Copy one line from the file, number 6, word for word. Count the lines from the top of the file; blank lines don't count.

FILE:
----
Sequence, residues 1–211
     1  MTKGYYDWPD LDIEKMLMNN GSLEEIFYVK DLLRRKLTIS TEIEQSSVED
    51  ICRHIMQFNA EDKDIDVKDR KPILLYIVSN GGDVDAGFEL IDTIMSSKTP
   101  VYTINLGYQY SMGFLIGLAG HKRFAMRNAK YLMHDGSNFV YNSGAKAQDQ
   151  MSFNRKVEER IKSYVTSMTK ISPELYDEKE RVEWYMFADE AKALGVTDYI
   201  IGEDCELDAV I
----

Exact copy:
   201  IGEDCELDAV I